You meander around the supermarket loading a basket with goods—breakfast tea, sugar, milk. Along the way, though, you become befuddled. You struggle to recall the items on the shopping list. When you arrive at checkout, you discover several items in the basket that you do not recall picking up. Then it comes time to pay the cashier and you can’t seem to count out the proper sum.
This virtual reality experience, played out using an Android smartphone, is the work of the medical research nonprofit Alzheimer’s Research UK. The organization’s primary mission is to raise money for research into dementia and other memory-related illness, but it also seeks to raise awareness and empathy for victims of a disease that the group’s leaders say the public still poorly understands.
“They only think about memory problems. The reality of dementia is much bigger than that,” said Tim Parry, the nonprofit group’s director of communications and brand. Thus, Alzheimer’s Research UK wanted to “put someone in the shoes of someone living with the condition.”
As an increasing number of cause-driven organizations have done, the group turned to virtual reality. Those experimenting with the technology say it is more accessible than ever and offers the best medium to date for evoking empathy for their mission, whether it be medical research, global education or humanitarian relief.
The initial promise of virtual reality technology centered largely around entertainment, adding a new dimension to movies or video games and creating a diversion from the everyday. But projects launched by news outlets and nongovernmental organizations in recent years have demonstrated the technology’s potential to tell real-life stories in more compelling ways. Now, nonprofit organizations are taking that a step further and using virtual reality to build awareness and solicit donations.
Oculus, the Facebook-owned maker of virtual reality headsets, debuted a “VR for Good” program that paired 10 nonprofits with filmmakers and provided the teams with funding to create virtual reality experiences.
The head of the program, Lauren Burmaster, said virtual reality has the potential to combat donor fatigue among people who feel disconnected from the results of their contributions. “A lot of times people want to see where their money is going, but you can’t offer them that,” she said. “That’s the first thing we’re really seeing—nonprofits using this technology to bring their donors to the work that’s happening.”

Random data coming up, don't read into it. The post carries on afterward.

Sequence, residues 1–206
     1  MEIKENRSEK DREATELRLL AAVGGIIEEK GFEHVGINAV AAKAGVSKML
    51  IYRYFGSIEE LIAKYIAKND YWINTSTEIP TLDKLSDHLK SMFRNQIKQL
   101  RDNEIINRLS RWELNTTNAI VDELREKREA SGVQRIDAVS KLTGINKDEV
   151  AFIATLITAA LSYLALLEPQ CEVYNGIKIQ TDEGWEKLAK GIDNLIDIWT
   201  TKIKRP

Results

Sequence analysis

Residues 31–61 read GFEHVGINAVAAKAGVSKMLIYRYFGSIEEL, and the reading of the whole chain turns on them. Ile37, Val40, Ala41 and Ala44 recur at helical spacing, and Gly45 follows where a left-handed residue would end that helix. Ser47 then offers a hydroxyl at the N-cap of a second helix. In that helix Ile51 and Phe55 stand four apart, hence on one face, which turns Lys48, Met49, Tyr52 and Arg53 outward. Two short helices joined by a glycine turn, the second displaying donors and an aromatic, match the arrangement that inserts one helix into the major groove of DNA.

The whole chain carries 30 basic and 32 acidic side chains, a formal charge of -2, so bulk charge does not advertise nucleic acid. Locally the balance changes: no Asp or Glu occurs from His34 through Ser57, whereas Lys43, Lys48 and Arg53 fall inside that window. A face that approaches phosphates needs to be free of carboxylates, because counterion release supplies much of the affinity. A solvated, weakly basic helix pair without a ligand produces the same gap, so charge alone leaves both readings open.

The education nonprofit Pencils of Promise garnered buzz when it transported a roomful of its wealthiest donors from a Wall Street gala to a school in rural Ghana. The organization not only manufactured a 16-foot-wide replica classroom for donors to walk through but also outfitted them with virtual reality goggles through which a two-minute video placed their mind in the classroom as well.
The organization raised more than $2 million that night, and the video has reached 8 million people since.
“If you see anyone try our VR piece for the first time, immediately their jaw drops,” said Natalie Ebel, the director of marketing. Few of those who open their wallets to Pencils of Promise have ever been to the developing countries where the organization does its work. Virtual reality creates an “empathetic connection and presence” more effectively than photos or video, she said.
But virtual reality is not without its barriers and limitations. While the cost of production has come down considerably, the technology required is still more sophisticated and expensive than that needed to shoot regular film or still photography. Production time also tends to be longer, meaning projects need more time and money to deliver.
And not all experiences allow the viewer to be fully immersed. In the Alzheimer’s Research UK project, for example, the character has a female voice and British accent, which limits the number of viewers who can fully connect. The supermarket and other characters were computer animated, creating another separation between real-world viewers and the artificial scenario unfolding before them.
The project had other videos set in real places.
But taking the viewer to a real place and engaging with real people also has its challenges. Amnesty International UK launched its “Fear of the Sky” project as sentiments toward Syrian refugees in Europe were turning sour. The project places viewers on the bombed-out streets of Aleppo as a civilian activist explains the dangers faced by people for whom this is actual reality.
The project required Amnesty International UK to train and coordinate with activists already on the ground, many of whom took real risks to capture the images necessary to make the project possible.
“There were some difficulties because of the relentless bombing,” crisis response manager Kristyan Benedict said. “It took maybe six or seven times longer than it was meant to in the project plan.”
Still, organizations believe the result may justify the challenges.
“To actually feel that you’re inside Aleppo and … the sense of abandonment and isolation and fear of not knowing when the next barrel bomb is going to drop on you,” Benedict said. “The general consensus was shock.
“VR is certainly something that’s adding itself to the menu (of tools) that different campaigners can use to tell a story,” he said.
—Steven Overly | The Washington Post